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Nucleic Acids Res. 2004; 32(16): 4812–4820.
Published online Sep 8, 2004. doi:  10.1093/nar/gkh818
PMCID: PMC519112

Over 20% of human transcripts might form sense–antisense pairs


The major challenge to identifying natural sense– antisense (SA) transcripts from public databases is how to determine the correct orientation for an expressed sequence, especially an expressed sequence tag sequence. In this study, we established a set of very stringent criteria to identify the correct orientation of each human transcript. We used these orientation-reliable transcripts to create 26 741 transcription clusters in the human genome. Our analysis shows that 22% (5880) of the human transcription clusters form SA pairs, higher than any previous estimates. Our orientation-specific RT–PCR results along with the comparison of experimental data from previous studies confirm that our SA data set is reliable. This study not only demonstrates that our criteria for the prediction of SA transcripts are efficient, but also provides additional convincing data to support the view that antisense transcription is quite pervasive in the human genome. In-depth analyses show that SA transcripts have some significant differences compared with other types of transcripts, with regard to chromosomal distribution and Gene Ontology-annotated categories of physiological roles, functions and spatial localizations of gene products.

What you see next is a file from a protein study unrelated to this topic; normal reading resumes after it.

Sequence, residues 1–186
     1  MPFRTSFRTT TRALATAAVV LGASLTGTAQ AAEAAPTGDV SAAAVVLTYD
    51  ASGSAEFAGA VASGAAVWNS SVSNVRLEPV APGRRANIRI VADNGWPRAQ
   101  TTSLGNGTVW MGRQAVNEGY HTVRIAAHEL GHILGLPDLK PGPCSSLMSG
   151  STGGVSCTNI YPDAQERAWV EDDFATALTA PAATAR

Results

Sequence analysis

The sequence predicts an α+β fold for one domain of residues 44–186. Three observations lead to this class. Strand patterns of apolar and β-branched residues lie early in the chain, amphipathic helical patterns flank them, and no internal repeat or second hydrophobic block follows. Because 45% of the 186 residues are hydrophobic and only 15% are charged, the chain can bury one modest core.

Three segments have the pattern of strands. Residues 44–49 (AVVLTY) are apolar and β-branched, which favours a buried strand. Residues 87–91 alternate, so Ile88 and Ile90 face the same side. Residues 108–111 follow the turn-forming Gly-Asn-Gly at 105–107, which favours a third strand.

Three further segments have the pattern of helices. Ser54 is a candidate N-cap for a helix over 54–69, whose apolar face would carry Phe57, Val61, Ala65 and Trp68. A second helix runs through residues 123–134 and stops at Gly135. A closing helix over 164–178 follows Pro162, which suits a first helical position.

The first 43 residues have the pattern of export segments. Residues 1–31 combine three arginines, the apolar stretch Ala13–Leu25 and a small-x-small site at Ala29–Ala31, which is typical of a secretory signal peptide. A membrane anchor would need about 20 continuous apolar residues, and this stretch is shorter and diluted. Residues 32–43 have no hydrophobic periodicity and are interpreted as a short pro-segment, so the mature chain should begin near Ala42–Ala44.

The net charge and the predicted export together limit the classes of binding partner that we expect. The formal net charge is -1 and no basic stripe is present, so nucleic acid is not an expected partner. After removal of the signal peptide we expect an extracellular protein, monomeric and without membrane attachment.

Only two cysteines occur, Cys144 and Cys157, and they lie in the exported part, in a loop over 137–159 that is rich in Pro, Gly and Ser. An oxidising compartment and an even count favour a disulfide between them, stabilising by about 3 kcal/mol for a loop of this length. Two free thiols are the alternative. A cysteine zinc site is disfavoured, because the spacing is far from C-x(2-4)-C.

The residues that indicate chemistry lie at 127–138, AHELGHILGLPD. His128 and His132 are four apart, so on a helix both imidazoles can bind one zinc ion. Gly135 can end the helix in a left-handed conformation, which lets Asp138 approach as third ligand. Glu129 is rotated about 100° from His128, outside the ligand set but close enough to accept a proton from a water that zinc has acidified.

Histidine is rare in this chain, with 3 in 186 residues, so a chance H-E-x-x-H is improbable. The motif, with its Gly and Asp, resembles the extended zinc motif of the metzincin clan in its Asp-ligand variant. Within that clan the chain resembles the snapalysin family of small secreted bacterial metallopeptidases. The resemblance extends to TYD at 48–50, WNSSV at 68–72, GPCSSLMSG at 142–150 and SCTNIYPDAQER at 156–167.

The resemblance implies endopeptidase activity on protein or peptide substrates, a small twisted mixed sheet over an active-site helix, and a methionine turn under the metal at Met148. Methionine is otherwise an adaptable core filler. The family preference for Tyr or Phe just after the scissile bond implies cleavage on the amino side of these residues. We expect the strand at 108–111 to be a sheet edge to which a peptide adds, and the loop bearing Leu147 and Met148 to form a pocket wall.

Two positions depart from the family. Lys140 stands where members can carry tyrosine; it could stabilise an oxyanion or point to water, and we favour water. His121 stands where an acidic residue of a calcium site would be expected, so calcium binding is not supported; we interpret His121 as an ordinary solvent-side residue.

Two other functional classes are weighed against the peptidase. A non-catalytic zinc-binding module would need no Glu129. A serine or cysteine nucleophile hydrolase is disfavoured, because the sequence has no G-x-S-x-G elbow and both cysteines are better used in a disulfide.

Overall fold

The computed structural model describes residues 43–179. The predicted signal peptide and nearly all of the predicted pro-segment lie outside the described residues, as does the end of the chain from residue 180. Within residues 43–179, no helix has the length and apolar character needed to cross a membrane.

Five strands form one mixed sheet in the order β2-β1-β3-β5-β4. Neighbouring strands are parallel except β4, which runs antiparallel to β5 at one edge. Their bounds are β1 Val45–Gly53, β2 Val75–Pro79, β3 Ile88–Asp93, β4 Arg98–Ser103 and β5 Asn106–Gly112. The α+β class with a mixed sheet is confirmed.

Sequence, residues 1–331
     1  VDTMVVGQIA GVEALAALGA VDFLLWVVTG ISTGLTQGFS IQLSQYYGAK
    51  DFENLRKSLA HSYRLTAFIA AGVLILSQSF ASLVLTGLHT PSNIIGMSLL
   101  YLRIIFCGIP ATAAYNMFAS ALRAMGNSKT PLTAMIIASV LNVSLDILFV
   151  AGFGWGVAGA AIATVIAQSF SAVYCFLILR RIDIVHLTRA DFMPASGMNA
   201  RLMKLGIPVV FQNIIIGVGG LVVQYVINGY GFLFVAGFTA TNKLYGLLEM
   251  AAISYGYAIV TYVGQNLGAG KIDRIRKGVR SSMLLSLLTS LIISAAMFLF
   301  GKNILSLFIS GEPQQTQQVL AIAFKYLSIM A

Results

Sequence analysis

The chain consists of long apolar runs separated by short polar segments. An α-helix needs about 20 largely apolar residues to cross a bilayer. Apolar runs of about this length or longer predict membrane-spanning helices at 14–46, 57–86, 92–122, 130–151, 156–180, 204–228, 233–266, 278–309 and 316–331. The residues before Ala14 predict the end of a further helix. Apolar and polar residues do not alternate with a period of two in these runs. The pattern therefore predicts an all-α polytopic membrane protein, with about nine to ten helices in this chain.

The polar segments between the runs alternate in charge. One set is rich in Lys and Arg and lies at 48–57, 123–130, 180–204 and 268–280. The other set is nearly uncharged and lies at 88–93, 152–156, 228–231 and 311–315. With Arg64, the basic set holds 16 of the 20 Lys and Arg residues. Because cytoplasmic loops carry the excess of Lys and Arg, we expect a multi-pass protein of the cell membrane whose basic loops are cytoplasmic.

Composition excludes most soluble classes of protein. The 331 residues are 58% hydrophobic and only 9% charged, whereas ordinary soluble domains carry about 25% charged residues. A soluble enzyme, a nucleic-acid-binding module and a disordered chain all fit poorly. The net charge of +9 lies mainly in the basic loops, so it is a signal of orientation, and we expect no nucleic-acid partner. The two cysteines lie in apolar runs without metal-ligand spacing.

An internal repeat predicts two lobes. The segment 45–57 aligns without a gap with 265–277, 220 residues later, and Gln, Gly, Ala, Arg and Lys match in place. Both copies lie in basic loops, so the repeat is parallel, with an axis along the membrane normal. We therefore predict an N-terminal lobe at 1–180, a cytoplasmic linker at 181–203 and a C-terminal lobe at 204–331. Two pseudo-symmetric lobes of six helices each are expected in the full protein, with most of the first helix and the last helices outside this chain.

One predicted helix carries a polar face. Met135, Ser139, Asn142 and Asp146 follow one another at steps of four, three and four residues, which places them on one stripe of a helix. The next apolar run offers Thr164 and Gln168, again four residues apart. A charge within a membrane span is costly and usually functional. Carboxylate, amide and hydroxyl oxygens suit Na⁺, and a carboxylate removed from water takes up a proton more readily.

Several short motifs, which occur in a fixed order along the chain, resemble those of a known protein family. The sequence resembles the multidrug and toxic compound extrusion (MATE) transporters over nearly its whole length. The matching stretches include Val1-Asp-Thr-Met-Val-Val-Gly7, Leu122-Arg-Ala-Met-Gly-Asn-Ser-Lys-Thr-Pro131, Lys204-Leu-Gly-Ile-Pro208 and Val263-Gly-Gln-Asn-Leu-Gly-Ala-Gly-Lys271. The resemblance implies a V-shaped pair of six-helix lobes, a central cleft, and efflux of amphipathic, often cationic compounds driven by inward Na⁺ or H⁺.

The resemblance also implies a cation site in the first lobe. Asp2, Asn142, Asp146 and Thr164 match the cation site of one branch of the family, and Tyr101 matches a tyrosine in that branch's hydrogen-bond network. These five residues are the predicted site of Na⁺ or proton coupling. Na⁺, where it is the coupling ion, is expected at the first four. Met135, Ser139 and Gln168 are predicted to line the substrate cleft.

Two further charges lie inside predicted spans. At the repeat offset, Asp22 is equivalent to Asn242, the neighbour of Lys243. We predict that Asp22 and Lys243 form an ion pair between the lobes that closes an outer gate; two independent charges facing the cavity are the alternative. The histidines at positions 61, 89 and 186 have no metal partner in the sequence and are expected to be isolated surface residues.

Gene regulation by natural antisense RNA in prokaryotes has been well known for many years (1,2). The first example was reported in the plasmid ColE1, in which DNA replication was regulated by an antisense RNA (3,4). Since then, antisense RNAs have been observed in various organisms, from prokaryotes (1,2) to eukaryotes (5,6) including plants (7) and animals (8). Mounting evidence suggests that it is a conserved feature within the genomes of all species from archaebacterials to humans (4,9,10). There are two different kinds of endogenous antisense RNAs in eukaryotes: one is called cis-encoded antisense, which is transcribed from the opposite strand of the same genomic locus as the sense RNA and has a long (or perfect) overlap with the sense transcript; the other is called trans-encoded antisense, which is transcribed from the genomic locus different from the sense RNA and has a short (or imperfect) overlap with the sense transcript (5,6). Most of the natural antisense transcripts are cis-encoded antisenses (5,6) and they are the focus of this study.